Both fiscal conservatives and social conservatives agree: government spending on higher education should be cut.
Fiscal conservatives oppose government spending on higher education
Consider this podcast from the libertarian Cato Institute.
Here is the MP3 file. (7 minutes)
It’s an interview with Dr. Neal MCluskey.
- does higher education necessarily deliver skills that employers want?
- do most degrees really benefit employers?
- should government subsidize higher education?
Neal McCluskey is the associate director of Cato’s Center for Educational Freedom. Prior to arriving at Cato, McCluskey served in the U.S. Army, taught high school English, and was a freelance reporter covering municipal government and education in suburban New Jersey. More recently, he was a policy analyst at the Center for Education Reform. McCluskey is the author of the book Feds in the Classroom: How Big Government Corrupts, Cripples, and Compromises American Education, and his writings have appeared in such publications as the Wall Street Journal, Baltimore Sun, and Forbes. In addition to his written work, McCluskey has appeared on C-SPAN, CNN, the Fox News Channel, and numerous radio programs. McCluskey holds a master’s degree in political science from Rutgers University.
I think people should face the costs of the university education themselves. Then they would choose areas where they could make enough money to live and pay back their loans.
Social conservatives oppose government spending on higher education
My wonderful friend Andrew sent me this notice about an upcoming Family Research Council lecture.
Allan Carlson to Speak on Student Loans at Family Research Council
World Congress of Families founder and International Secretary Allan C. Carlson will deliver a Witherspoon Lecture at the Family Research Council on December 4 at 11:00 am, on “The Crushing Burden of Student Loans on Family Formation For Generation X.”
Studies have shown that significant numbers of graduates who are burdened with college loans are less likely to marry and have children – with negative consequences for society. Thus, there is a need to re-think the entire program.
[…]Allan Carlson has a Ph.D. in Modern European History. He is the author of many books, including “Conjugal America: On the Public Purposes of Marriage” and “The Natural Family: A Manifesto,” with Paul Mero. Click here to order his books.
Isn’t it amazing that fiscal conservatives agree with social conservatives? Actually, they should agree on many more things, in my opinion. It’s a bad idea for government to redistribute taxpayer money to schools, because the teacher unions just turn around and use it to influence politics, which cannot be good for giving children a quality education. Teacher unions are bad for fiscal and social conservatives – we really need to unite and make sure that they are de-funded, and de-fanged.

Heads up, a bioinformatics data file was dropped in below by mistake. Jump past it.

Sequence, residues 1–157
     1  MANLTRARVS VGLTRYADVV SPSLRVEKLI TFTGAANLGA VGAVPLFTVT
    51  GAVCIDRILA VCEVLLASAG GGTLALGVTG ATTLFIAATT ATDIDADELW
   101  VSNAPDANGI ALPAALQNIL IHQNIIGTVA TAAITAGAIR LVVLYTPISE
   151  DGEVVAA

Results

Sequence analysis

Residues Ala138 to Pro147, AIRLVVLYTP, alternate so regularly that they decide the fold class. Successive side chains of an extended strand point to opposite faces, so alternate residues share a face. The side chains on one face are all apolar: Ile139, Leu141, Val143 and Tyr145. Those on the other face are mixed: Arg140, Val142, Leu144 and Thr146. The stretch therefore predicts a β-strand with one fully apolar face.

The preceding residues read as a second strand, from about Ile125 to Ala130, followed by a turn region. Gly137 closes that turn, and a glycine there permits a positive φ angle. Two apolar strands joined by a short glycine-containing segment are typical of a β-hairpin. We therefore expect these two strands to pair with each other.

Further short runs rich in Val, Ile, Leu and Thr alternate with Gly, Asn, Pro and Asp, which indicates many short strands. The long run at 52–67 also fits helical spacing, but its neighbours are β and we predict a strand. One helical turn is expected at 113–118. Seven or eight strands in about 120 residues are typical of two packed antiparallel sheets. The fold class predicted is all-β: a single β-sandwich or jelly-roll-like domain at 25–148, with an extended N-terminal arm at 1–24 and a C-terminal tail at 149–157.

A funny story about libertarians
And I have to tell you a funny story. One of the quirky things about me that everyone knows is that I am able to get into the most deep and controversial conversations within a few seconds of meeting someone. For example, in the time it takes to get a blood test, I was talking to the nurse about lethal injections, capital punishment and different goals of the criminal justice system. Well, I managed to beat my score on Monday.
I was passing by a security guard to show him my badge and I noticed a book on his desk. As soon as he turned his back I leaned over the desk and read the back cover. It was a book by Lew Rockwell. So I asked him about it, and then we started talking about how libertarians ought to support social conservatism in order to keep government from having to deal with the fallout from broken homes and crime. I was just about to start talking about John Lott’s study on the link between abortion and increased crime, but there was a line-up by then, so I moved along.
So that’s what my life is like – the joy of a comprehensive Christian worldview means that you are never at a loss for something interesting to talk about. And there is a lot of reading people – knowing who you can talk to and when you’ve gone too far. Practice, practice, practice.